Tuesday, April 21, 2009

The 30 most important minutes of your life?

The 30 most important minutes of your life may just be your dream business school interview. Some might say that's a crazy statement. Some may say that their wedding, or being at the birth of their first child is more important... and with that I can't argue. So perhaps I should say "the 30 most consequential minutes of your life." Perhaps no other half hour will ever have a greater impact on the rest of your life. If you completely mess up your wedding vows and stumble through the ceremony, your marriage will probably still end up the same in the long run. If you pass out during childbirth, your kid will turn out the same as well. If you mess up on a significant job interview, promotion board, or major business pitch, there can always be another just down the road. There are opportunities to recover. But if you mess up on your interview at a place like (insert dream school of your choice) there really isn't a second chance for most of us. Furthermore, the difference between getting admitted to a place like (insert dream school of your choice) or not can have cascading and hugely consequential effects on the rest of your life such as your business network, personal and professional development, lifelong career partners, even choice of career fields, and of course, career success.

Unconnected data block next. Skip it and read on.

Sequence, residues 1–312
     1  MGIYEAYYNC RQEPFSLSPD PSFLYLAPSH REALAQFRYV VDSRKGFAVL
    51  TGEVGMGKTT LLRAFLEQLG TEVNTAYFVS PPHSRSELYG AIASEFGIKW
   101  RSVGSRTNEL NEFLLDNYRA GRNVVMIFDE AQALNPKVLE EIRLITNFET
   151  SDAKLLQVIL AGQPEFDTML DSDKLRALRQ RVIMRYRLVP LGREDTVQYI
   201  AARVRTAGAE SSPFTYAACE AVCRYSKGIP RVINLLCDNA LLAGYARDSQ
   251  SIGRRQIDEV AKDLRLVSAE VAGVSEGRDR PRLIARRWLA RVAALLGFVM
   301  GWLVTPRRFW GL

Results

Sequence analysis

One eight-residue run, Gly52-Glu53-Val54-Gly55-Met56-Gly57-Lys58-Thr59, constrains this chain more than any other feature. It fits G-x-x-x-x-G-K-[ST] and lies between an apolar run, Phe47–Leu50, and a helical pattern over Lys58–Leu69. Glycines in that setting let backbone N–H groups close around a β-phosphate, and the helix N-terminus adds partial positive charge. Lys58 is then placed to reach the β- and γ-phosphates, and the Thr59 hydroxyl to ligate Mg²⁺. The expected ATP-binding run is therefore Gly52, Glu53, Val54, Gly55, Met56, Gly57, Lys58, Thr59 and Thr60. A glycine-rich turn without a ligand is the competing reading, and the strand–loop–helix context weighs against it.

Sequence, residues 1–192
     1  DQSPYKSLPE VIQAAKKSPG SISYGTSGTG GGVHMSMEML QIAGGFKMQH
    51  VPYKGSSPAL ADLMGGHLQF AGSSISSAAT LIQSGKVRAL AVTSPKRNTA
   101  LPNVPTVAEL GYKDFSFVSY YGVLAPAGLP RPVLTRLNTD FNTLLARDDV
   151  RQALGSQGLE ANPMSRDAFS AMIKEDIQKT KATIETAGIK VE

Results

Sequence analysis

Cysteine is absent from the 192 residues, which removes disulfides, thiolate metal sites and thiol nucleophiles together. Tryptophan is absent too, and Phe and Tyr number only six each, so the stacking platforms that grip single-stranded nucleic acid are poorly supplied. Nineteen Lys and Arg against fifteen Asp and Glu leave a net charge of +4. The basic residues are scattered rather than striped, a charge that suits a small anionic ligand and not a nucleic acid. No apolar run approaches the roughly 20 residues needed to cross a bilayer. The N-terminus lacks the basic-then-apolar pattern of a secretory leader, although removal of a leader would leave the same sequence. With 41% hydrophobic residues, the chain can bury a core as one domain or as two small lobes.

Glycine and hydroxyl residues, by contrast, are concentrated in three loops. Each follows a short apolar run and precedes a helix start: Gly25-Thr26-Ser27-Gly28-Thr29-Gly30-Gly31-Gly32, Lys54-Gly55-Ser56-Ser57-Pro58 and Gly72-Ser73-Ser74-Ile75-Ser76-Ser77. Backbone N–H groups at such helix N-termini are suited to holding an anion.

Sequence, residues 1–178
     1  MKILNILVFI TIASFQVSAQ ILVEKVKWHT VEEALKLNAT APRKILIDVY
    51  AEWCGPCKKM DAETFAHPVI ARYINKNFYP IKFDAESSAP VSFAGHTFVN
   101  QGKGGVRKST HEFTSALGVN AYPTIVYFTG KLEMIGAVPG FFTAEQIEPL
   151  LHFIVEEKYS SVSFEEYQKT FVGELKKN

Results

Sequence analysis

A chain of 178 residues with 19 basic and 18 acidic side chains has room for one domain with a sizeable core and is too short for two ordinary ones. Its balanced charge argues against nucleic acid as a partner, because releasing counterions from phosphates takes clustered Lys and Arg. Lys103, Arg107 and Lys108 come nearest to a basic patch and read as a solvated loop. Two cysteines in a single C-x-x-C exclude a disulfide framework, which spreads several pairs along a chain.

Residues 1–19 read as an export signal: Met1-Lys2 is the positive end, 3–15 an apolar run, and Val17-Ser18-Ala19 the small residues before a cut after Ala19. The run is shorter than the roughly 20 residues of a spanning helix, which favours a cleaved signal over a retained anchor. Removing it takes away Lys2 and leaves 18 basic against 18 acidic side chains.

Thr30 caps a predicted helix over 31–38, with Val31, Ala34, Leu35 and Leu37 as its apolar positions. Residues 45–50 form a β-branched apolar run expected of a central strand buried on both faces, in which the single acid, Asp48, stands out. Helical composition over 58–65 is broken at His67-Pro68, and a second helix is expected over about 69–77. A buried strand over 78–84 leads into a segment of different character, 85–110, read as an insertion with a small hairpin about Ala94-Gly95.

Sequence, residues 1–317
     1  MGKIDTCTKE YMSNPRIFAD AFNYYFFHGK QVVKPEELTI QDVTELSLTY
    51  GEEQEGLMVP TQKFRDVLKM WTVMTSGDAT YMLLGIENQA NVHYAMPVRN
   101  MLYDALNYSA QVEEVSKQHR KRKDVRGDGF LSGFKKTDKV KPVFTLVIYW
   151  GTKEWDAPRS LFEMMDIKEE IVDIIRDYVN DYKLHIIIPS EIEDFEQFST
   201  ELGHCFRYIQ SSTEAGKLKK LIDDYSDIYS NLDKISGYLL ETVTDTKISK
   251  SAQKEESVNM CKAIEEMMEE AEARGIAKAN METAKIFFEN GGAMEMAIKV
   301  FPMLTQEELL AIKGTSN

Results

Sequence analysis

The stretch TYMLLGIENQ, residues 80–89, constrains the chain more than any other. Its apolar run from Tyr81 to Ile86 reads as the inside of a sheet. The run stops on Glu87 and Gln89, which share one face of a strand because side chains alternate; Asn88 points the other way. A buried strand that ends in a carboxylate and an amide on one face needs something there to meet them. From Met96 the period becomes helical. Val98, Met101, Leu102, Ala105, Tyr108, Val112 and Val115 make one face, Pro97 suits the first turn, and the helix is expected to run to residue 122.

It's no wonder many are extremely nervous before their interview. On the other hand, if you're not a little nervous, you are probably not taking it seriously enough.

I took my HBS interview extremely seriously. Or at least it was serious for a guy like me, as I have very little formal interview experience. I'm used to proving myself by my actions, not by my words. I spent three days in Cambridge, talked to many students, visited four classes, and rehearsed for many many hours. This was on top of several weeks of preparation. It was also the last interview I did, which proved extremely helpful. Of course, I don't know if any of this helped, but I certainly would not have risked doing any less in retrospect. There are two things you must be for your interview: confident AND prepared, which are two states that don't always come together.

I'm not revealing some great insight here, but rather relating the seriousness with which I took my HBS interview. If you are fortunate enough to be invited, consider it if nothing else, among the 30 most consequential minutes of your life. There are no second chances.